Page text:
Coco nut milk rice and peas, cole slaw with lots of black pepper... chicken. Excellent food.
independence day, 1996
Itís the 15th anniversary of independence for the former colony known as British Honduras from Britain ...here in Barranco everything is rather low key and simple: speeches, reminders, food, and drink ...up in Belize City tonight there is a Burning Spear concert. They probably even have traffic jams ...in Barranco right now, there isnít even one motorized vehicle of any kind.
...it is sometime before the dawn, in the pre-morning hours of Sunday, the 22nd of September... It is very, very loud outside with all this thunder and rain (very loud pounding on the tin roof), and lightning.
It has occurred to me... I didnít describe the boat (launch, motor boat) ride from Punta Gorda Town to this isolated village in the southern most part of Belize founded on red fertile earth - the best!
On my back pack is a flap I can pull out and zipper over the shoulder harnesses to completely close the pack. sewn onto my flap is the flag of the Garinigu Nation -- the Garifunia people - the flag has three broad bands of black on top, white in the middle and yellow as the bottom band - each band width is about an inch and a half. In the middle of the white band is a drawing showing within a snake circle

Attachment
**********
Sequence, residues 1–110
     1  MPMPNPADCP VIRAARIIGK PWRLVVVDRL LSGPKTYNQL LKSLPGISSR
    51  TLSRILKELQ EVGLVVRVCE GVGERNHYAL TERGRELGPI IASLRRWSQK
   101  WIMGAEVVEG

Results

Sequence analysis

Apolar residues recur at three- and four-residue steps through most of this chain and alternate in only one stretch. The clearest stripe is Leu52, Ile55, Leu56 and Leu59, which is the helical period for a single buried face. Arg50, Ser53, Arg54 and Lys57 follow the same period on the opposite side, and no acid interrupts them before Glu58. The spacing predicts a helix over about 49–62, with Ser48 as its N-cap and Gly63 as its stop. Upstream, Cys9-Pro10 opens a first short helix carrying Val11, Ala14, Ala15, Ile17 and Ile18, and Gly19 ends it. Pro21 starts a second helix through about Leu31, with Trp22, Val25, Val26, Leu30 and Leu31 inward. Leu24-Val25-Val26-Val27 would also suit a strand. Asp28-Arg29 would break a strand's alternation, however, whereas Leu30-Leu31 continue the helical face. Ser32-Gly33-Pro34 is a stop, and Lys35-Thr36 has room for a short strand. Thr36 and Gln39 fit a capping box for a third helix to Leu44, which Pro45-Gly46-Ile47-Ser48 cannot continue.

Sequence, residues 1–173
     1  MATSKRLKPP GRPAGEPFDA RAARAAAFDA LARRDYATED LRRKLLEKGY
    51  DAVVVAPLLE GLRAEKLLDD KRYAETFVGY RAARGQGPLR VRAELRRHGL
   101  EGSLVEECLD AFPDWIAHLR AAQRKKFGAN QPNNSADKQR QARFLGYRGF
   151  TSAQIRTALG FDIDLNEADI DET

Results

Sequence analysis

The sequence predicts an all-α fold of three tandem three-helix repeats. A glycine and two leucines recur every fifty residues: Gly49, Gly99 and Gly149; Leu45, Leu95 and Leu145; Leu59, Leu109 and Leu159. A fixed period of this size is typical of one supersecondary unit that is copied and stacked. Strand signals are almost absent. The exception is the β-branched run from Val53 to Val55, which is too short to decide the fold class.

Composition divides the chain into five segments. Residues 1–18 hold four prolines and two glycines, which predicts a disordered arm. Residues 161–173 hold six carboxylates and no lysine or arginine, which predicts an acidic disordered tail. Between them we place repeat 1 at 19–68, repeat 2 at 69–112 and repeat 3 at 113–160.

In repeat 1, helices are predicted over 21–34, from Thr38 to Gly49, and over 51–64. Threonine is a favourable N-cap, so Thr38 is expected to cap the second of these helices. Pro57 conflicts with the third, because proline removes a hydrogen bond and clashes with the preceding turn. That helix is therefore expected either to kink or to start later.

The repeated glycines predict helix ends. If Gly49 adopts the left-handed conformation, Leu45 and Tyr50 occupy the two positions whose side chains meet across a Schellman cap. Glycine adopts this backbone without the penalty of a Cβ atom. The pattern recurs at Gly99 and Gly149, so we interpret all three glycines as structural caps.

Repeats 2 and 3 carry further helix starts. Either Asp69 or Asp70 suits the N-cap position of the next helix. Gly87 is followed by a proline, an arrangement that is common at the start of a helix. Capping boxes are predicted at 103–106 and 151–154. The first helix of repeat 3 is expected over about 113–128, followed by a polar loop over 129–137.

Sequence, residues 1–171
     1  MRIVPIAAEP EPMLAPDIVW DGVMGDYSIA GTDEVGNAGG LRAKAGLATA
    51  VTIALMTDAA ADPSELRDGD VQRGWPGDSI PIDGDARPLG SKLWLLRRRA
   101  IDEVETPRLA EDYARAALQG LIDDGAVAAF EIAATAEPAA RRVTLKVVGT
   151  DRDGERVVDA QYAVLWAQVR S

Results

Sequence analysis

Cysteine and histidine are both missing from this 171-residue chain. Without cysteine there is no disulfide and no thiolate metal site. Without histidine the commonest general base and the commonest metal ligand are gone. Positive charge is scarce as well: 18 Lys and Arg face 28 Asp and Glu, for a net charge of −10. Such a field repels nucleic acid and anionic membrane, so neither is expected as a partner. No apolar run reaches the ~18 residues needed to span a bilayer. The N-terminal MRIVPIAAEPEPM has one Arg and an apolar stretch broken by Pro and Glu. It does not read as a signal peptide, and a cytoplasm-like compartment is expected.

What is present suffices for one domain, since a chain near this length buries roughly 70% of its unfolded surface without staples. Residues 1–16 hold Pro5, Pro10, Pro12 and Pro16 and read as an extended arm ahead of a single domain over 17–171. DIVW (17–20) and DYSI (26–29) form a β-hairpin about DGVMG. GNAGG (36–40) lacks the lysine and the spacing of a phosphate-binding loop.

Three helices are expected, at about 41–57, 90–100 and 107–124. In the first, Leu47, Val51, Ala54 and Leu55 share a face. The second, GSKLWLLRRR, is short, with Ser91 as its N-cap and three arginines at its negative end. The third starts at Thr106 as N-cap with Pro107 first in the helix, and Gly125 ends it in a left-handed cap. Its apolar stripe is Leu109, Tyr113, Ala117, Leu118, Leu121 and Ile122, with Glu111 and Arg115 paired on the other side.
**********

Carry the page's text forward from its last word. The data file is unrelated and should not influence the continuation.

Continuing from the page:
- the snakeís head touches its tail - three figures. I have been carrying this flag since my last time in Belize.
After all the provisions and bags were loaded we sat in this essentially long wooden canoe
-- a young girl (14 yrs. old?)...an old man (75 yrs.old?) sat on the first wooden slat.
On the second slat was a middle aged man.
A third slat sat me and Amanda (the doll maker).
Then came Niomi on the slat in back of us.
The two helpers with Vinton, our pilot, were at the back.
We took the coast down, of course, and Amanda explained this area was all jungle, which you can plainly see -- Itís all trees and density. She said there were tigers (I think she meant Jaguars), the rare mountain cow, howler monkeys, all kinds of snakes, birds, of course all kinds of insects, armadillo and deer. She said there are not many hunters in this area as the Indians are mostly farmers. she told me that the Indians come to Barranco to buy dogs as early warning systems for when the "tigers" stalk the farm animals. She pointed out where Puerto Barrios and Livingston were, and the Session river...showed me where the Moho emptied into the sea. And within an hour we entered the lagoon ( I say swamp) that brought us into a side entrance to Barranco.... A PLACE OF PEACE.